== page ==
The migration effects are very important. Over the last 80 years, small cap value stocks returned a spectacular 22.5% versus 13.3% for the overall market. But had the stocks which shifted to the growth camp the following year not been kept in the value classification, the small cap value index would have actually under-performed the average stock with an annualized gain of only 13.1%. Bottom-line...great performance from small cap value stocks occurs because they become larger cap growth companies.

Think about this the next time you look at a Morningstar box for your mutual fund, or read an investment strategist who is encouraging you to now emphasize value versus growth or large cap versus small cap.

The stock doesn't know what box it lives in. Ideally, the management of that company doesn't know where it is classified either. All they should care about is creating value for the shareholders. Ultimately, the performance of the stock depends on the performance of the business. Your return depends on what you paid for the stock initially. Whether growth stocks are soaring or otherwise, the inherent growth attributable to your company is far more important than the characteristics of its peers. High returns attract competition. Returns falter, expectations shrivel, and your growth stock may fail to grow. These conclusions are almost biblical, "But many that are first shall be last; and the last shall be first."

The consultants who descend upon portfolios now that another quarter has passed love to pigeon hole investment managers into a box. I hate it. It is a stupid waste of time in my view. As Buffett so wisely stated, "Growth and value investing are joined at the hip." Growth investing sees value in finding companies that have strong growth characteristics that the market may not fully appreciate yet. Value investors seek companies that trade for less than intrinsic value.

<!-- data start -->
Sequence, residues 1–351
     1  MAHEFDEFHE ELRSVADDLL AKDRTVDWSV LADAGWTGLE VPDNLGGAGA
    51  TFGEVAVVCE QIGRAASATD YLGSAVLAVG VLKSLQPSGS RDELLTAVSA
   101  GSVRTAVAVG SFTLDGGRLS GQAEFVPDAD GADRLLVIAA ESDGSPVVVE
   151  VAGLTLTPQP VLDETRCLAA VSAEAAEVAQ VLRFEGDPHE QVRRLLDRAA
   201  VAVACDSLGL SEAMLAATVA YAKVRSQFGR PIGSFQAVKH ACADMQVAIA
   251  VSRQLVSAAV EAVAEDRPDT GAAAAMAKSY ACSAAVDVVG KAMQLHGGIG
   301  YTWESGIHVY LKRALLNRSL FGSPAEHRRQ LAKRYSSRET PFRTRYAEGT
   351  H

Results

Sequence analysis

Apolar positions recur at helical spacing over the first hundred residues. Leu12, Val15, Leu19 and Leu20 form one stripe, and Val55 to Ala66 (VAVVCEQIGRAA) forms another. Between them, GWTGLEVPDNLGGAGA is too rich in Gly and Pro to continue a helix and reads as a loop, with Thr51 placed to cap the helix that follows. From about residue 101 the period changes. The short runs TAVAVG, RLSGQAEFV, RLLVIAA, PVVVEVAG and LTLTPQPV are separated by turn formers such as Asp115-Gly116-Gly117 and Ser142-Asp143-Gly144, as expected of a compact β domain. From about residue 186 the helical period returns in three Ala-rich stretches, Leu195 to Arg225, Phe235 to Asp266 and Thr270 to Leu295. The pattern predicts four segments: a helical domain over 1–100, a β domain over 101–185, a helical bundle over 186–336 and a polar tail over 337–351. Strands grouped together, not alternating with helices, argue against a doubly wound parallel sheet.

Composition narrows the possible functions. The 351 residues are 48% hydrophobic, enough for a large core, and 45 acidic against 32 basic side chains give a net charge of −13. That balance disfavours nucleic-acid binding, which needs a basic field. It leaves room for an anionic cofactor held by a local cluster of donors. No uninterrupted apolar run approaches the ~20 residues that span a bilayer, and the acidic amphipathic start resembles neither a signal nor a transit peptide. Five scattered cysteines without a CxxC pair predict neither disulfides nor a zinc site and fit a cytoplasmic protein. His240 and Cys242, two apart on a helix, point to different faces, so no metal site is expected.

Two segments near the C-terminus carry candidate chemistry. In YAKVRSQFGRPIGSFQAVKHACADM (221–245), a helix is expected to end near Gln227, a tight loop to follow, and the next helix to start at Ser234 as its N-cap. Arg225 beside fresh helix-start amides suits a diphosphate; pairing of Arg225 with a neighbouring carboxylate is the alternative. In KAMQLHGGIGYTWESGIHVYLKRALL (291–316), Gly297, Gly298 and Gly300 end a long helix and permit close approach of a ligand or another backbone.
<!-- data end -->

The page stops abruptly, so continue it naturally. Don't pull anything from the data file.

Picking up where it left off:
One of life's great experiences is watching a single digit midget grow into a significant business. This, thank goodness, has occurred a few times in my career. It didn't happen because I was looking for a small cap value nor because I was looking for a growth stock. It happened because I was free to roam, because I was independent. Most of all, it happened because I was looking for a good business, not a stock that fit a classification.

Professional investors report not only to their clients but they toe a line created by the consultants. As I have said numerous times, every really good decision I have made in my career almost resulted in my being fired because of doing something controversial. Exercising freedom, exercising independent judgment is so very important. Unfortunately, consultants frequently do get in the way of decent portfolio managers. For me, the consultants came, qvetched and left. The clients who understood, stayed. As individual investors, I encourage you to use that freedom, the only one you have to satisfy is yourself. Don't own a large cap growth portfolio because you "need that exposure." Find a great business that you like and that has winning characteristics.Don't own a small cap value portfolio because you think it's going to "move." Own some great small cap company that has the wherewithal to be a great business. Think all-cap, but mostly, just think!


At 10:52 PM, Blogger Jim said...

Where did you find your statistics that the during the past 80 years, small cap value stocks returned 22.5% and the overall market returned 13.3%? I have seen various charts and articles about the outperformance of small cap value stocks over time, but I have never seen anyone mention an average annual return of even close to 22% per year. I have read that the returns of U.S. small cap value stocks since 1926 is around 15.9% annually. I also have never seen anyone mention a stock market average annual return of 13.3% per year over the past 80 years - I've seen articles mentioning a return of around 10-11% for U.S. large stocks since the mid-1920s.

At 1:54 PM, Blogger Rick said...

Hi Jim

Both of the links in this post highlight the return of 22.5% for small cap. Mark Hulbert in the NY Times article as well as the Fama and French article that Hulbert paraphrases.

Thank you for your comment!